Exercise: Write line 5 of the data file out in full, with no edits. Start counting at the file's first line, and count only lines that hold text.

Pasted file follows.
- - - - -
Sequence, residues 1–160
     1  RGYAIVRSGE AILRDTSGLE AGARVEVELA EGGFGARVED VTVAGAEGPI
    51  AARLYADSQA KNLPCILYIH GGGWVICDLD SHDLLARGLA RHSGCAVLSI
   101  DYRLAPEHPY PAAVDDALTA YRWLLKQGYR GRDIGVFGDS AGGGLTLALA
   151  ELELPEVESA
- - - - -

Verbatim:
   151  ELELPEVESA